MK Danny Danon (Likud) and Peace Now Director-General Yariv Oppenheimer debated the pros and cons of proposed bills to limit foreign governments’ funding of political NGOs in the Knesset of Wednesday.
One bill, proposed by MK Ofir Akunis (Likud) would limit foreign government’s donations to organizations that sponsor political activity to NIS 20,000. Another, which would levy a 45 percent tax on such contributions, was drafted by MK Faina Kirschenbaum (Israel Beiteinu). Both were approved by the Ministerial Committee on Legislation, but have yet to reach the Knesset because the decision was appealed by Minister without Portfolio Bennie Begin.RELATED:Knesset passes 1st readings of libel, judicial
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In an event publicized as an English-language debate for the foreign media, Oppenheimer slammed the bill as undemocratic and limiting freedom of expression and Danon, instead of Akunis who was recuperating from vocal-chord surgery, defended the measure, saying that it prevents unfair intervention by foreign governments in Israeli affairs.
“I don’t think this is a debate over who is defending democracy or fighting democracy,” Danon pointed out. “I consider myself and my party democratic, but when we start dealing with the core issues that we were elected to promote, we are accused of being anti-democratic.”
The Likud MK explained that when his party was in the opposition, it was unable to successfully promote its policies.
“Now that we’re in power, it’s our job to pass laws that defend our
positions,” he said. “When there’s a sensitive issue, the opposition
says ‘no, don’t touch that,’ and I say, yes we can, that’s why we were
According to Danon, ”protocols from the EU show that their money is
being used to influence people in Israel to vote against the Likud.”
“To me, this is not kosher,” he quipped. “However, when a private individual gives money to an organization, it’s kosher.”
Danon said that “none of these bills hurt Yariv Oppenheimer’s ability to
protest, fundraise or vote in an election. Instead of getting money
from European governments, he should go to the public, convince them,
get a majority vote in the next Knesset, and then you will decide the
Oppenheimer, however, argued that “this is not a matter of right-wing policy, it’s about changing the rules of the game.”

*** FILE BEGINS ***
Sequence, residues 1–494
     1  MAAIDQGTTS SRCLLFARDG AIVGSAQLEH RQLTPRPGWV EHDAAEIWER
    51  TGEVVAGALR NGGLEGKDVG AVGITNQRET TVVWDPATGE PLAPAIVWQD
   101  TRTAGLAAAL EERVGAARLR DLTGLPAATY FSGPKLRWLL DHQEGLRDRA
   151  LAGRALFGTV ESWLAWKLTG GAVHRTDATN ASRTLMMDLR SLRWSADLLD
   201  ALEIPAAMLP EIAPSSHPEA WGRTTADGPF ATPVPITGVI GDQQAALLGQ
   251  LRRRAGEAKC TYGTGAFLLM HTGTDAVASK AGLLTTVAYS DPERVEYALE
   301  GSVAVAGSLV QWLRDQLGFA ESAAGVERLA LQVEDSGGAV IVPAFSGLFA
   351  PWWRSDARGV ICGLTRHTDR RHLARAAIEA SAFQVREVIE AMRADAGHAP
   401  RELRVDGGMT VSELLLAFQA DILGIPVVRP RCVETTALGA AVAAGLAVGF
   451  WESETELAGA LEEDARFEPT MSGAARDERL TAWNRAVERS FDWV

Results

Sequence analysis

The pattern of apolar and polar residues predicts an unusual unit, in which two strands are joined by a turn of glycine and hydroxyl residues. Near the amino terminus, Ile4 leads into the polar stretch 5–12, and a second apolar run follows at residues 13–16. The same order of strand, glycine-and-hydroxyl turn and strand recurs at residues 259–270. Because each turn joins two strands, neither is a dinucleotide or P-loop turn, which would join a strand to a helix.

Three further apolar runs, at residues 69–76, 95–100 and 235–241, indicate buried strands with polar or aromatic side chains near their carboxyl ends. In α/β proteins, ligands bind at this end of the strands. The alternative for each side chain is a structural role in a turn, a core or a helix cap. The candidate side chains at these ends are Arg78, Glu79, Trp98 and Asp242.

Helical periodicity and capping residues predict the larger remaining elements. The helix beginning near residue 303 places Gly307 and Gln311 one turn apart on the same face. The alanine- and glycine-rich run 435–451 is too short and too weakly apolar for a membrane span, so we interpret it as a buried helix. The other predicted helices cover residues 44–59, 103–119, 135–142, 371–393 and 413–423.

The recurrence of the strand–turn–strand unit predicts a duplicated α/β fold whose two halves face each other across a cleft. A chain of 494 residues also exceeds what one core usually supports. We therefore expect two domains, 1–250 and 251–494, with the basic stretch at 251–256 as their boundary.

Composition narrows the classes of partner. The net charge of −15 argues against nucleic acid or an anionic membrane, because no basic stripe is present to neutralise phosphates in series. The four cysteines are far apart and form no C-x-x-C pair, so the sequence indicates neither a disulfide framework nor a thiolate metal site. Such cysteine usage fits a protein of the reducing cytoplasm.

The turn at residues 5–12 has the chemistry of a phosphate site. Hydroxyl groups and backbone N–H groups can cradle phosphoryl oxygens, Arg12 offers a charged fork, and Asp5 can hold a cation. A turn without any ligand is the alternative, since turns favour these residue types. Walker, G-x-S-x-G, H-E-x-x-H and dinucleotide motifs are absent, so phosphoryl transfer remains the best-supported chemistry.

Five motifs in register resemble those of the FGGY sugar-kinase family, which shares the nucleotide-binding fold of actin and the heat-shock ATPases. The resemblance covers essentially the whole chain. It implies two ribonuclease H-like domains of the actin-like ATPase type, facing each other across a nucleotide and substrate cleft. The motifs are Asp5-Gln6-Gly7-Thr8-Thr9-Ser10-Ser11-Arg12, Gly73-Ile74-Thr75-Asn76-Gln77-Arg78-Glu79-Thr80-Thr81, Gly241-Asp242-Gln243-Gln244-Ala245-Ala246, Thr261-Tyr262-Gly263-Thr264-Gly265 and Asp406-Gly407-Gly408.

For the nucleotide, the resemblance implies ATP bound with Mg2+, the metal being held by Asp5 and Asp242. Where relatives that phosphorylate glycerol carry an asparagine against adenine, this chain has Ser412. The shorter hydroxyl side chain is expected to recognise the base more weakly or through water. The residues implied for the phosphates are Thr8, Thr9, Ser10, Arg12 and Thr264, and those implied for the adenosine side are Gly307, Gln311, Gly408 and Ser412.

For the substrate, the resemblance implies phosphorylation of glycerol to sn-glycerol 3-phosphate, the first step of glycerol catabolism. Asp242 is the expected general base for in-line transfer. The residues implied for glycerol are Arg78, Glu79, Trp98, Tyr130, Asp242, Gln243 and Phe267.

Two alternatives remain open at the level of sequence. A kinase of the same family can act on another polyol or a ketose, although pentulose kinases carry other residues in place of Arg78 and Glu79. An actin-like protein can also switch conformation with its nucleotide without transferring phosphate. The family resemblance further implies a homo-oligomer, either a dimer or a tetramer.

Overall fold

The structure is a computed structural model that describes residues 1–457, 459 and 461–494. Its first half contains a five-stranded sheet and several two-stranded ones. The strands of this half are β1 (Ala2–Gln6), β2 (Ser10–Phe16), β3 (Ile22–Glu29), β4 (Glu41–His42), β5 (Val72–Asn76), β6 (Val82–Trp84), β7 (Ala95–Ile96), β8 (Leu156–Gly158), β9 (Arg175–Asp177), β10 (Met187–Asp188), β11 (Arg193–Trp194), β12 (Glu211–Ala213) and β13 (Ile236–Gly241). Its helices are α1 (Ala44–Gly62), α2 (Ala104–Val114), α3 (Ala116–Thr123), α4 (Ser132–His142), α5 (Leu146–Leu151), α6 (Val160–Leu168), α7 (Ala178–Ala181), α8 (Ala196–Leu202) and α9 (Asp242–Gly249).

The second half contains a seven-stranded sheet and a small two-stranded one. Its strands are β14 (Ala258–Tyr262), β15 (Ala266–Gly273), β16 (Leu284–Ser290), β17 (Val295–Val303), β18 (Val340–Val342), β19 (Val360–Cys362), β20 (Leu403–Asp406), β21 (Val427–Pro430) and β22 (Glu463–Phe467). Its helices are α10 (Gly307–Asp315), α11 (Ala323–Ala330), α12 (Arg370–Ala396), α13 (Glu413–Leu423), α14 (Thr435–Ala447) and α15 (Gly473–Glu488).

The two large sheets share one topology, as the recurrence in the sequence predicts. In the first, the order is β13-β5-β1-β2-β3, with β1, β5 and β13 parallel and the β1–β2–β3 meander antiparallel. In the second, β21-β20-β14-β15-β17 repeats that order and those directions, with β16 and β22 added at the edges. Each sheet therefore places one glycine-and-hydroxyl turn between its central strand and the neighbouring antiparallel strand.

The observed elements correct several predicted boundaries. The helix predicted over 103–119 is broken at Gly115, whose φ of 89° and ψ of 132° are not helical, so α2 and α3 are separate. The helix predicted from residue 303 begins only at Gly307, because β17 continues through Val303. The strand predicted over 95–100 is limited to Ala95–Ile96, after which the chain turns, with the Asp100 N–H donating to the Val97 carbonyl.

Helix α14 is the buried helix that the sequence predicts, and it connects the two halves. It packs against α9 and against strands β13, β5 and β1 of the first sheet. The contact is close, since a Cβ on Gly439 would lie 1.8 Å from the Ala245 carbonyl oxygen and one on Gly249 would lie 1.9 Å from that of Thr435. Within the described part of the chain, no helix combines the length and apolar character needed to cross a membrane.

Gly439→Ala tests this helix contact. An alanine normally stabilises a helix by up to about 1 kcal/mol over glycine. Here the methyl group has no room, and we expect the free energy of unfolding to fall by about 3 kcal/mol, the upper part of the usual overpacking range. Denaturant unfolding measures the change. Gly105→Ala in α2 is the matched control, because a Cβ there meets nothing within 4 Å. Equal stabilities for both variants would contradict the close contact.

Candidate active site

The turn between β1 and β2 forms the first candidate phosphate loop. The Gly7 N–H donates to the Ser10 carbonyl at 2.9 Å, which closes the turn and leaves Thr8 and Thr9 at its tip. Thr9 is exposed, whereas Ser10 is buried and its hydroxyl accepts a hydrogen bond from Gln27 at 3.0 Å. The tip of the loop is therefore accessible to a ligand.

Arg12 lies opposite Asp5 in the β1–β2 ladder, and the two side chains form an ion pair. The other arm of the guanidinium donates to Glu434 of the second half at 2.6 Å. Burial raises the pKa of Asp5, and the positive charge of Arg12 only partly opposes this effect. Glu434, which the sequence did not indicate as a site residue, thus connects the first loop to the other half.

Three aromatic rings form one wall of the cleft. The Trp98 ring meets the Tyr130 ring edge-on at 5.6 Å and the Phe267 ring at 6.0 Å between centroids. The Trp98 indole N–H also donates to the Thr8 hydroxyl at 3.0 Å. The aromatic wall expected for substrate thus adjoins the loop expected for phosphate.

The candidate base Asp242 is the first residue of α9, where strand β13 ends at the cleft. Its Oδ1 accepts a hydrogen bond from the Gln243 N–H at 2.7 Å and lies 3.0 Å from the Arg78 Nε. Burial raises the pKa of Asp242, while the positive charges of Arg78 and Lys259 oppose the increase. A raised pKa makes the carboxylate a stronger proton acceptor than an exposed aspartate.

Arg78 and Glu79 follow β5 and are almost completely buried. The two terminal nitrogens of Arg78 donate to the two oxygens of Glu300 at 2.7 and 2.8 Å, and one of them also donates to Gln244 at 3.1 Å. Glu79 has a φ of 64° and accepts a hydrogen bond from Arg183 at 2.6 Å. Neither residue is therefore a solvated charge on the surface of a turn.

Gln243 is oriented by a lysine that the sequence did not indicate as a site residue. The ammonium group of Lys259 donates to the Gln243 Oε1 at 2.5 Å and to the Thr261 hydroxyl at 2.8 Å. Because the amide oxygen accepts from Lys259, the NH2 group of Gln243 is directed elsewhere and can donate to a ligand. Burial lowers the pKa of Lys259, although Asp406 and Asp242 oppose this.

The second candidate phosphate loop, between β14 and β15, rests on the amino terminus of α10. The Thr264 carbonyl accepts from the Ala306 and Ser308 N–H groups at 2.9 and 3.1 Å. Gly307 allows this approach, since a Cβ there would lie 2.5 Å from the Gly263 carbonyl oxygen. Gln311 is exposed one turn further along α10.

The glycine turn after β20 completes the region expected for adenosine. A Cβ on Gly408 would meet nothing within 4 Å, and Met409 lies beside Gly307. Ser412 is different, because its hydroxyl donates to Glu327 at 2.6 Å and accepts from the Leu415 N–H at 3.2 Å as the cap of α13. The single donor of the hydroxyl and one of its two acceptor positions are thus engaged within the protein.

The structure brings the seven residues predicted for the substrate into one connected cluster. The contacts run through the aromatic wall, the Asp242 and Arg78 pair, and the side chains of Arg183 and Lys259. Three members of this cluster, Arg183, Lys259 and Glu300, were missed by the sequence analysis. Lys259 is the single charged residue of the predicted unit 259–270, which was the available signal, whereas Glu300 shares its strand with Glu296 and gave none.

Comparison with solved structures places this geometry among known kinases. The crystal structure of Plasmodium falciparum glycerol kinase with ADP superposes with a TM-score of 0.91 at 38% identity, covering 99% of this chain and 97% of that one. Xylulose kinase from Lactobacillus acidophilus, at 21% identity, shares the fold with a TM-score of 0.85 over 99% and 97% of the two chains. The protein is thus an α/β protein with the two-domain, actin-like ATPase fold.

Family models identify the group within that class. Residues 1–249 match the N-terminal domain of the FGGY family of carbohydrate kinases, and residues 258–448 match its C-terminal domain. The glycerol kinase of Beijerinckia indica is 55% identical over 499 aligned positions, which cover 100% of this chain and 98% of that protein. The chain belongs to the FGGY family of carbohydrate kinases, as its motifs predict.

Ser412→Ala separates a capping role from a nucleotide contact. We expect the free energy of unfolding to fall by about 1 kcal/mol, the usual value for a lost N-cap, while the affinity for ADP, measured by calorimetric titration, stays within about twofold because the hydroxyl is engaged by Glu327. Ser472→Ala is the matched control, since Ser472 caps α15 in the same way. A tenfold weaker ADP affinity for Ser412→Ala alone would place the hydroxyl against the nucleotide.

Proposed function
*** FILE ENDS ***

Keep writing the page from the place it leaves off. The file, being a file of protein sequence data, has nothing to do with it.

“The right wing won the election, and gets to do almost whatever they
want, because they’re the majority,” he said. “You decided to smash the
peace process, build settlements and defend outposts that are meant to
“I think what you’re doing is wrong, but you have the power, because
this is a democracy,” Oppenheimer added. “At the same time, democracy
doesn’t mean that you can use a majority in the Knesset to change the
rules of the game.”
The Peace Now leader opposed Danon’s claim that the majority is simply promoting its policies.
“When the left is in power, they never outlaw basic civilian action, like the ability to boycott,” he pointed out.
“The Likud is only promoting a bill against foreign government donations
in order to delegitimize NGOs and say they’re supporting other
governments,” Oppenheimer stated. “They’re trying to weaken voices in
He added that freedom of speech goes beyond basic expression, but is
also “the ability to run an organization that researches and brings
facts to the public.”
The two also argued about the legitimacy of private donations to
political activity, with Danon saying that it’s a matter of individual
freedom. Oppenheimer, on the other hand, said that private donations
have no transparency, and therefore, are more “dangerous” than those
from foreign governments.
The Likud MK also said the Knesset must decide on a definition of
“political NGO” and “political activity” in its discussion of the bill.
Oppenheimer retorted that “everything is political.”
“When the government decides what is political and which activity is allowed, this is not freedom of speech,” he said.
“These laws aren’t saying that [opposition leader] Tzipi Livni can’t be
elected or Yariv Oppenheimer can’t protests in front of the Likud
offices,” Danon explained. “These are laws that promote my values, which
got me elected.”
“We still have the freedom to vote, to express yourself and to demonstrate,” the Likud MK pointed out.
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